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Topic: Supporting a partner with bipolar 1

6 posts, 0 answered
  1. miss_random
    miss_random avatar
    2 posts
    7 September 2018

    Hi there,

    My boyfriend has bipolar 1 and us currently unwell. I've never dealt with mental illness before and I feel pretty helpless.

    When he's well, he us the happiest and most care-free person I know. But at the moment it can range from agitated, angry, happy, sad or flat and I never know which one I'm going to encounter when he walks in the room.

    Nothing I say or do is right. Nothing I say or do makes anything better. I feel like I have to constantly walk on eggshells so I don't upset him. Every now and then he has lucid moments and we'll talk or listen to music together then he'll go outside for a cigarette or play video games and come back a completely different person.

    I don't know how to be there for him. I want to make it better and I can't. It breaks my heart. I don't normally cry but lately I will randomly break into tears because I'm emotionally exhausted.

  2. quirkywords
    Community Champion
    • Outstanding members who have volunteered their time to support others here on the forums
    • Awarded by beyondblue for providing outstanding peer support to the online community over a period of 3+ years.
    • A member of beyondblue's blueVoices community
    quirkywords avatar
    8240 posts
    7 September 2018 in reply to miss_random

    Welcome miss_random to the forum,

    thanks for making your first post. You are very caring girlfriend and very kind to want to know how to help him.

    Living with someone with bipolar is tiring and confusing and living with bipolar is exhausting and confusing too.

    When your boyfriend seems angry with you, he is angry with himself and very confused.

    If you can talk to him when he is lucid , that is the best time to ask him how to help him when isn't well.

    I have had bipolar for over 40 years and I know when people asked me questions when I was unwell I can't think properly or I forget.

    There is a thread called This bipolar life , that you are most welcome on. It is a very long thread , and the first post may give you an insight into what having bipolar is like. You can browse the thread and post and ask questions if you like.

    Everyone who has bipolar experiences in a different way.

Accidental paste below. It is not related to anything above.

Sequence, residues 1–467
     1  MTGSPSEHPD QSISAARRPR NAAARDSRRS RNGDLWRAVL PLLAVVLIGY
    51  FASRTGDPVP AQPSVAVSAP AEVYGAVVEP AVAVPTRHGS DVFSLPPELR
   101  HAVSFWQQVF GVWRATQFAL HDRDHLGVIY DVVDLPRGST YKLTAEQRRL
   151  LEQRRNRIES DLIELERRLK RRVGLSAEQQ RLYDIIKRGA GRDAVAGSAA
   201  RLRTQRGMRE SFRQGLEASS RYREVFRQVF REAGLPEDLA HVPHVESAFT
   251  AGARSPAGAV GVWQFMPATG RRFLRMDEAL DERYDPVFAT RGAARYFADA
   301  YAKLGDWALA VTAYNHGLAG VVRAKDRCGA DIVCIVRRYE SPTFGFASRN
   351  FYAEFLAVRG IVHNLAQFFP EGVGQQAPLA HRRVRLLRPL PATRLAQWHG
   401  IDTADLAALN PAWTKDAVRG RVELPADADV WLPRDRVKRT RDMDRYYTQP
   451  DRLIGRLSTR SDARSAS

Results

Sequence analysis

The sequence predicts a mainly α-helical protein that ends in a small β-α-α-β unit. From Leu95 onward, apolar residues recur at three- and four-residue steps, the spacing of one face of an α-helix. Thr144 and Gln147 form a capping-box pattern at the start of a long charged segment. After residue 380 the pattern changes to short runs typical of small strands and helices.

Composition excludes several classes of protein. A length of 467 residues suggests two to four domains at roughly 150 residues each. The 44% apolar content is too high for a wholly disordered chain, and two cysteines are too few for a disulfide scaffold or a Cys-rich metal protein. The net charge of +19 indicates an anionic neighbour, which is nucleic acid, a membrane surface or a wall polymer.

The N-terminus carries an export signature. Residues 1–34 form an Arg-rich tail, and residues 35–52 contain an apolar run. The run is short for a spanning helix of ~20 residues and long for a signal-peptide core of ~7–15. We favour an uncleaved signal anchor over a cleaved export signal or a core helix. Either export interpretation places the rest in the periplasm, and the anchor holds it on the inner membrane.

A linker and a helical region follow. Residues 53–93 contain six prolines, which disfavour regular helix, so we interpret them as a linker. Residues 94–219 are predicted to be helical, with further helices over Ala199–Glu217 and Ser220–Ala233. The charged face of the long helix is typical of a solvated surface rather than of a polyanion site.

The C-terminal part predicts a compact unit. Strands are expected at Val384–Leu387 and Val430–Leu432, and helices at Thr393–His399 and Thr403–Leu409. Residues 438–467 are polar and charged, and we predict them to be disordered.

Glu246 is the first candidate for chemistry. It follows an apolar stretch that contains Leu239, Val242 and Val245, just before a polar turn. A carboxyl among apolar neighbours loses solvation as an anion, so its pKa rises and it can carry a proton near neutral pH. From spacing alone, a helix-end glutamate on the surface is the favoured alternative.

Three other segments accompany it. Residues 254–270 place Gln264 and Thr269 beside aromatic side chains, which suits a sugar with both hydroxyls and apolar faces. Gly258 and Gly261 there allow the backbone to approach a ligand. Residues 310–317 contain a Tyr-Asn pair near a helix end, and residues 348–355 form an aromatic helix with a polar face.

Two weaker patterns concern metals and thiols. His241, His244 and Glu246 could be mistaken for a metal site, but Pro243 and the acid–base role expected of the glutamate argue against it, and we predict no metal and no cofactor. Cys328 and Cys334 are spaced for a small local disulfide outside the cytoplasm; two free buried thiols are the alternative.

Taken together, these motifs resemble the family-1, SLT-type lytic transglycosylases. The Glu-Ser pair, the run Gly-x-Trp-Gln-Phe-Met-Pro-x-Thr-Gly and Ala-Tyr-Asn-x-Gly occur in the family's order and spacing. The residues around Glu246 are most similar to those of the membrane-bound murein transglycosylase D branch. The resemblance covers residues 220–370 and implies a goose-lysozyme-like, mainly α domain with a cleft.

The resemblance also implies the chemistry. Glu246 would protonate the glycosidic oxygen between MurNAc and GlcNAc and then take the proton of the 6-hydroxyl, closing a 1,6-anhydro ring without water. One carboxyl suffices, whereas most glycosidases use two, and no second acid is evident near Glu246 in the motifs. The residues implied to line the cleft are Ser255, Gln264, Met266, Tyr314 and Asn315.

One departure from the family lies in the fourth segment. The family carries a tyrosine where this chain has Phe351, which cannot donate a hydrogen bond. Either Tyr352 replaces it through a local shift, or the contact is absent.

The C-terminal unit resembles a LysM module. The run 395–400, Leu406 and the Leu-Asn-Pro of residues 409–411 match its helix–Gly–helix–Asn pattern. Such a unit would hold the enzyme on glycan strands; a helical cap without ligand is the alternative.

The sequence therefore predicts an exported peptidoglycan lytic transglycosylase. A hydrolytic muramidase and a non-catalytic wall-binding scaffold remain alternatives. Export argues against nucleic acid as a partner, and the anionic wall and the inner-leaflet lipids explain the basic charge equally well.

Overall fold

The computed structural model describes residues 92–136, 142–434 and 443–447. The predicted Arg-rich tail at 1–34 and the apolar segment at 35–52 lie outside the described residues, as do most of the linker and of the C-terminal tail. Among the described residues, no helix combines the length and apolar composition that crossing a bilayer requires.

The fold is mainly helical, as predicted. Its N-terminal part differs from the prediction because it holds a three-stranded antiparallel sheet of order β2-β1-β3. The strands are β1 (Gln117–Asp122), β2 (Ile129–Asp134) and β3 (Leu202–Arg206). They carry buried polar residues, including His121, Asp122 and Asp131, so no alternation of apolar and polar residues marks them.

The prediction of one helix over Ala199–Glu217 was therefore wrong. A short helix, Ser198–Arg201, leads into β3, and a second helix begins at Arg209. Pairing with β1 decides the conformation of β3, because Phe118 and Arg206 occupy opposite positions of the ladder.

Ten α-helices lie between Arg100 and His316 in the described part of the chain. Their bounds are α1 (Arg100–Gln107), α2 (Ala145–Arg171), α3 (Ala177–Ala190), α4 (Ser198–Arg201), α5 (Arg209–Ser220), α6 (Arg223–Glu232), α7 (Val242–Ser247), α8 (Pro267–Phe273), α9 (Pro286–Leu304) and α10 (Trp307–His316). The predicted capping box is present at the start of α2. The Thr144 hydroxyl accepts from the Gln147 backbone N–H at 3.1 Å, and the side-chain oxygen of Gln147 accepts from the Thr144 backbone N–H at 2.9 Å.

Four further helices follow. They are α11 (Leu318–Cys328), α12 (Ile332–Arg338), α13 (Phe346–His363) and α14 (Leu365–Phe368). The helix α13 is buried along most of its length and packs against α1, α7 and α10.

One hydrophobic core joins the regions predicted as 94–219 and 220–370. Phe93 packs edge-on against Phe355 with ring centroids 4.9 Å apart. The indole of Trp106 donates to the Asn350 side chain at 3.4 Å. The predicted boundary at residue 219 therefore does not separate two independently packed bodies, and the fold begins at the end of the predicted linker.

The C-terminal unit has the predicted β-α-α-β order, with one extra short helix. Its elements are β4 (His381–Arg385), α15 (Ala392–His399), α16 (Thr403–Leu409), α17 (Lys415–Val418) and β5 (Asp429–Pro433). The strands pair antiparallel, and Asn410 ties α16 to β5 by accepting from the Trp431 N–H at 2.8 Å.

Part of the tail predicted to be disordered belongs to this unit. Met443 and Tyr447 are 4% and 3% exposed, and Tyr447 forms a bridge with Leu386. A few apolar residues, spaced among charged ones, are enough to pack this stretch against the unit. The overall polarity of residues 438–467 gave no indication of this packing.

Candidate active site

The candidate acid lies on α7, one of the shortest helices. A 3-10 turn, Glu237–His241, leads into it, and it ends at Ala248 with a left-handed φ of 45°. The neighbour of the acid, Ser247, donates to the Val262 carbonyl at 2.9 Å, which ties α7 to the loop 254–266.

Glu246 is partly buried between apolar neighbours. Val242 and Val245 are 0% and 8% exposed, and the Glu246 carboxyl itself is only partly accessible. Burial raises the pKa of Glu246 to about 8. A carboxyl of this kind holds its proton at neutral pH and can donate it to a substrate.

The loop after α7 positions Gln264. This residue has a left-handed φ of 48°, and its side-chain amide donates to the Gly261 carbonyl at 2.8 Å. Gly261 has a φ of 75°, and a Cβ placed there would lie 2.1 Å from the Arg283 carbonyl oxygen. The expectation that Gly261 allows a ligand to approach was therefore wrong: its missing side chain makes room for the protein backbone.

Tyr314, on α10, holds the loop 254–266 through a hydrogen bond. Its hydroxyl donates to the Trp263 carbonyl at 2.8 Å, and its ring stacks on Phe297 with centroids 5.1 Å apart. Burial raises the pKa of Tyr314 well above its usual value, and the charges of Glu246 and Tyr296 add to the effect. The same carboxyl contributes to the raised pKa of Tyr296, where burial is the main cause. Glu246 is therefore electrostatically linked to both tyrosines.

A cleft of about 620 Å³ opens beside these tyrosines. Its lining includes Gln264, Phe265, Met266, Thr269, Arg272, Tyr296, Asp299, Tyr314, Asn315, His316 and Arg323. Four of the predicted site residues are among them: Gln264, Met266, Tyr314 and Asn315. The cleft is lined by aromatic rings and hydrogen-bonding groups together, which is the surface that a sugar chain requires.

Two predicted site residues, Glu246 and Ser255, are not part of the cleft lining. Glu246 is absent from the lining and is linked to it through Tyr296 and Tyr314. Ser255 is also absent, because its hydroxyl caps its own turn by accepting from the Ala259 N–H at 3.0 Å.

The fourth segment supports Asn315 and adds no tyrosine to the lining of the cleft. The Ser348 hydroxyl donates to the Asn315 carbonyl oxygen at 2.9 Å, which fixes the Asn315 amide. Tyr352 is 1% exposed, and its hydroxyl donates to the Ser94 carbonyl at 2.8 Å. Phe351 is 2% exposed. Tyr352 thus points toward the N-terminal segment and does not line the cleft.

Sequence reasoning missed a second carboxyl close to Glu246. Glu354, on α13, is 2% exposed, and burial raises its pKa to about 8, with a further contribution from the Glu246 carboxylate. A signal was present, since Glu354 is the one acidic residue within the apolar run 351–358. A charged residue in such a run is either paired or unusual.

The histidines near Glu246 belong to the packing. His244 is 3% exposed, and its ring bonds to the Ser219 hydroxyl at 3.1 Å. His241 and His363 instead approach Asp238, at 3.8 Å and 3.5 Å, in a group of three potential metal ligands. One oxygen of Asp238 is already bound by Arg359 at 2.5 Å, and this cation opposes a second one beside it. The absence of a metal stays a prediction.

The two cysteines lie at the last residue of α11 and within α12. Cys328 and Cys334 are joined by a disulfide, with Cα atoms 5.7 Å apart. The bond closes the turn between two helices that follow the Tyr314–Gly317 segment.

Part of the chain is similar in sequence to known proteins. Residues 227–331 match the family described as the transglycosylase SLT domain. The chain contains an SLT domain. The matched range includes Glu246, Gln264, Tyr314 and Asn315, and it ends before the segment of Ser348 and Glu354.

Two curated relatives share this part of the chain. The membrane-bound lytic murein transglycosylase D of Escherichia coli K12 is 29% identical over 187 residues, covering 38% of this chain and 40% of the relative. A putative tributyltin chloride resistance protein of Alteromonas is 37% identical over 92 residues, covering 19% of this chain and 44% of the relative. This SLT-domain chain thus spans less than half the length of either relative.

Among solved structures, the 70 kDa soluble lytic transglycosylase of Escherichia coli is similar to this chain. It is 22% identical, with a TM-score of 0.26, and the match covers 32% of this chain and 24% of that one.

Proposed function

I understand you feel like you are walking on eggshells but I guess he really appreciates you are there for him.

    Sometimes all you can do is to sit and listen or hold his hand . Often you don't know what you wnt and everything irritates you. You push away loved ones and that makes you hate yourself.

    You need to look after yourself and get support for yourself. It is not easy. There are threads about living with someone with bipolar which may help you.

    Thanks for reaching out. You are not alone and we are here to support you.

    Quirky

    1 person found this helpful
  3. miss_random
    miss_random avatar
    2 posts
    8 September 2018 in reply to quirkywords

    Thank you Quirky, I'll definitely check out those other threads.

    I think the hardest thing for me is to see him suffering. His family are not particularly supportive so I feel like I'm the only person he can turn to.

    I'm trying to make sure I take care of myself too. It's hard for me at the moment because I broke my arm so my normal social life and hobbies are on hold. I'm sure that's not helping.

    Thanks for your reply. It's nice to know I'm not alone.

  4. hopeful2
    hopeful2  avatar
    1 posts
    12 September 2018 in reply to miss_random

    Im in the same boat as you with my wife of 35 years.

    Hard work for sure. Number one advice from me is to make sure he is taking his meds. Watch out for alcohol also as in my experience its not a good mix. Also good for you to try and keep tabs on what is actually normal behaviour so you can recognise when somethings not right. Not always easy as you tend to get used to the moods and it sometimes takes an onlooker to notice a problem. Helps for me to split the personalities in 2. Im married to and love the good one and dont like the bad one. That way you dont take things personally when you hear how bad you are etc etc etc etc. Its only the bad person saying that. Make sense?